Note: It does have some cool moments that are worth hitting on Youtube. So there is that.

But with all that, I was still excited for Terminator: Dark Fate. And at long last, I finally got to see it. So now, I’m going to tell you what I think about it.

I liked it. A lot.

No, really. I enjoyed the action. I loved Gabriel Luna’s fantastic portrayal of the REV-9, with plenty of very clear callbacks to the iconic Robert Patrick’s role as the T-1000 (if memory serves, Luna even stated in an interview that he underwent some of the same training to achieve the same effect). I enjoyed seeing Linda Hamilton again, and even if some of her lines were a little over the top I felt it worked as she’s clearly someone who’s still not over the … well, that’s a massive spoiler alert, so heads up, we’re going deep into spoiler territory here. If you want to avoid spoilers, well … stop reading here. And know that I enjoyed it quite a bit. It’s not T2, but it at least deserves a place on my shelf alongside it.

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OP-ED: The Foolish Hypocrisy of “What We Had is Good Enough”

Hey readers! Taking a moment from Fireteam Freelance to make a quick post. One that, well … Let’s just see how this goes. But first, a heads up that Colony and Jungle have picked up something like six new Five-Star reviews/ratings in the last week! Welcome new readers, and thank you for leaving your thoughts! I’m glad you’re loving Colony and Jungle!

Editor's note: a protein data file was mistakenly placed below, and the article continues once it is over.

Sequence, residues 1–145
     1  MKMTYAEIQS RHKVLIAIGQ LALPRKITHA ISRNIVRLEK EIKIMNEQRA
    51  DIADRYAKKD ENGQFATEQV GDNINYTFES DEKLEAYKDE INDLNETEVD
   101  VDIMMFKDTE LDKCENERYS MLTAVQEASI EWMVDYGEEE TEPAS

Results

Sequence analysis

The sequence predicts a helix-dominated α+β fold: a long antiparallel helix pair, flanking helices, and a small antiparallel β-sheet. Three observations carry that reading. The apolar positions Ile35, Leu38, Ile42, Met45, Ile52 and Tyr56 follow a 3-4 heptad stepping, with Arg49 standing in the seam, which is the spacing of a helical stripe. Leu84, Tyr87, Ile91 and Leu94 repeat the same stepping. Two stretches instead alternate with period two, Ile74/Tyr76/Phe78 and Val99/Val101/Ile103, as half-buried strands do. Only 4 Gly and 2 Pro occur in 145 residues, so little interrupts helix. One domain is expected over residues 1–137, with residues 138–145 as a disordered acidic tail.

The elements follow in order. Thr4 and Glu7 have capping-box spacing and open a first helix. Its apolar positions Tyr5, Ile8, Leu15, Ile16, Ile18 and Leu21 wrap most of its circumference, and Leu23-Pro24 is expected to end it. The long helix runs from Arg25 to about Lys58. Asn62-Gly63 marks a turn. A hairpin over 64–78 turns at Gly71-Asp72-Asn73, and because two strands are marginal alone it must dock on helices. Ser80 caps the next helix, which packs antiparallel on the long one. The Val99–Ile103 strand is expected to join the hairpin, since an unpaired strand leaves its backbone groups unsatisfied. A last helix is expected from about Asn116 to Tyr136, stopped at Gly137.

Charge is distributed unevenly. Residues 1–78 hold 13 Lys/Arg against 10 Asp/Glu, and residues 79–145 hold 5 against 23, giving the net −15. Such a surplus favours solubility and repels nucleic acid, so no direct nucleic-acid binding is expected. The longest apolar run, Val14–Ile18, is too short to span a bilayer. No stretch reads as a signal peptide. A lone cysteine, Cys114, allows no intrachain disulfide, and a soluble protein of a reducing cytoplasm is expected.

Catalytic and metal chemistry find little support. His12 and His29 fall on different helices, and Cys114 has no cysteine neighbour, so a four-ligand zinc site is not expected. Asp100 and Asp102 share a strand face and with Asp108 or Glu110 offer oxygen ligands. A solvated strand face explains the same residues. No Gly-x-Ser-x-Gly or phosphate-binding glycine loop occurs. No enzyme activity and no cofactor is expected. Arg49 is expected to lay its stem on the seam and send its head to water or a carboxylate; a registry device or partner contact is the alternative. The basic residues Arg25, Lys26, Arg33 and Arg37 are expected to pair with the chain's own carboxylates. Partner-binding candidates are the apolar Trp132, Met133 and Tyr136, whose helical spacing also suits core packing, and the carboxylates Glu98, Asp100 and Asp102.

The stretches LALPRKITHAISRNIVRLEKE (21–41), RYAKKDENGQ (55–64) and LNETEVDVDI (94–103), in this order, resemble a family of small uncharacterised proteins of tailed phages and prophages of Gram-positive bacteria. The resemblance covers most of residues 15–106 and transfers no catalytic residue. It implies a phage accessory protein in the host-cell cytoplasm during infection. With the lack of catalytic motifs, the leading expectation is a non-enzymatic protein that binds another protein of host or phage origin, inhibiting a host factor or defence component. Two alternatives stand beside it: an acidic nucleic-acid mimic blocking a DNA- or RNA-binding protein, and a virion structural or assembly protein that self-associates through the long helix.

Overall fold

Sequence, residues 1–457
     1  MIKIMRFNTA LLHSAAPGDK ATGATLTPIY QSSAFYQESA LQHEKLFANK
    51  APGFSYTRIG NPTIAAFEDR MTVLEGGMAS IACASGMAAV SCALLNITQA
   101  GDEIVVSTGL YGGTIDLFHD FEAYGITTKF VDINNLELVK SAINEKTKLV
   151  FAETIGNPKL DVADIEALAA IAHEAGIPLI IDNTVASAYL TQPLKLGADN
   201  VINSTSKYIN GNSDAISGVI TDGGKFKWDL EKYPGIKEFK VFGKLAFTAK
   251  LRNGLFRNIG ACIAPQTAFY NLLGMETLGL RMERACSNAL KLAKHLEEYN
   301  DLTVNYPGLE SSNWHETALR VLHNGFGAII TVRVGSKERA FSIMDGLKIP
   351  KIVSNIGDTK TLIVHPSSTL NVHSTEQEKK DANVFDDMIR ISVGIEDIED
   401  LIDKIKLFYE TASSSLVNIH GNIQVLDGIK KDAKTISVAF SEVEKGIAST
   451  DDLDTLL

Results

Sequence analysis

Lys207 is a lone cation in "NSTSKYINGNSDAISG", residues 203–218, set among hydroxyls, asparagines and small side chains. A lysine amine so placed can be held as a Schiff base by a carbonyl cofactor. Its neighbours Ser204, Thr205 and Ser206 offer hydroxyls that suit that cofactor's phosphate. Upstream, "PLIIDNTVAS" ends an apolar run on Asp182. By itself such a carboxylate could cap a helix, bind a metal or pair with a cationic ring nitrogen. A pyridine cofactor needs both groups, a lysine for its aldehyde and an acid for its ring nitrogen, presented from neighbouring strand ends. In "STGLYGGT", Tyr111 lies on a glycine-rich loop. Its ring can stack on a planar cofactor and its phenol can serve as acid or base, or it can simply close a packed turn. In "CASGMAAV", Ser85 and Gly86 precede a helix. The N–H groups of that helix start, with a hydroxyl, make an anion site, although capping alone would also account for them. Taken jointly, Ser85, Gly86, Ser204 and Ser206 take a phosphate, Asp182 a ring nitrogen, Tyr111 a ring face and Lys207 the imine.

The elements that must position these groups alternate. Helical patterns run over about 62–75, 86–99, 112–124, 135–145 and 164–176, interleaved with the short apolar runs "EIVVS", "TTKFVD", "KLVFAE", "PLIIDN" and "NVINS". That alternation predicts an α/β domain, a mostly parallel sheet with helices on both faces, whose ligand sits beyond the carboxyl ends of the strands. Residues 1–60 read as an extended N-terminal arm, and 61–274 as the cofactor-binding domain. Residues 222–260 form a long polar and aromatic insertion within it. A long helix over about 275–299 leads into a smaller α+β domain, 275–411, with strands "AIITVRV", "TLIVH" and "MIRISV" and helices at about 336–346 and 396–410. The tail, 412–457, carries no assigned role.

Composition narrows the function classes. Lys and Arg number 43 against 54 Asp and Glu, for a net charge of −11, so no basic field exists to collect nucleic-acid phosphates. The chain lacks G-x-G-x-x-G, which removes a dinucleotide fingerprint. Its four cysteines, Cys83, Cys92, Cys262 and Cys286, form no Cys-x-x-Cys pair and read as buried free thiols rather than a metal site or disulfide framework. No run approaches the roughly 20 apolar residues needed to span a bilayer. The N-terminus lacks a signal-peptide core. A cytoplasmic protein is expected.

Okay, news over! This post, like some here on Unusual Things, is one of those posts inspired by an actual conversation. In this case said conversation was between myself and an individual who shall remain nameless, but who is an outspoken critic of the “younger generations.”

Note: If you thought “Oh, a boomer!” or “OK boomer” then you’re on the right track here. Anyway, this individual holds that the social difficulties of today aren’t difficulties at all, that they’re simply a byproduct of the younger generations being lazy and incompetent, and that no one has had it harder than their generation (red flag much?).

But … that’s not where I’m going with this. No, I want to use this interaction to show the hypocrisy of a mindset that is, unfortunately, bought into by many. The idea that “Well, we had it good enough, so anything past that we perceive means you’re coddled/weak/less than us.”

Let me give you an example. The individual I was in the conversation with gave their “example” of “you have it so much better than the generation before you who had it so bad, how dare you complain about anything” by bringing up cell phones. Cell phones and smart phones, they argued, were just a sign of a coddled, weakened generation. ‘The younger generation doesn’t have money,’ they argued, ‘because they spend it on cell phones, which they don’t need. If they were really poor, they’d get rid of their cell phones.’

Okay, now despite the holes of logic that one could pilot a star cruiser through (such as even basic, minimum-wage jobs—so you know, banks, retail, medical, etc—requiring their employees have cell phones for scheduling, 24-7 access, etc), this person didn’t stop there. They just had to “drive the point home.”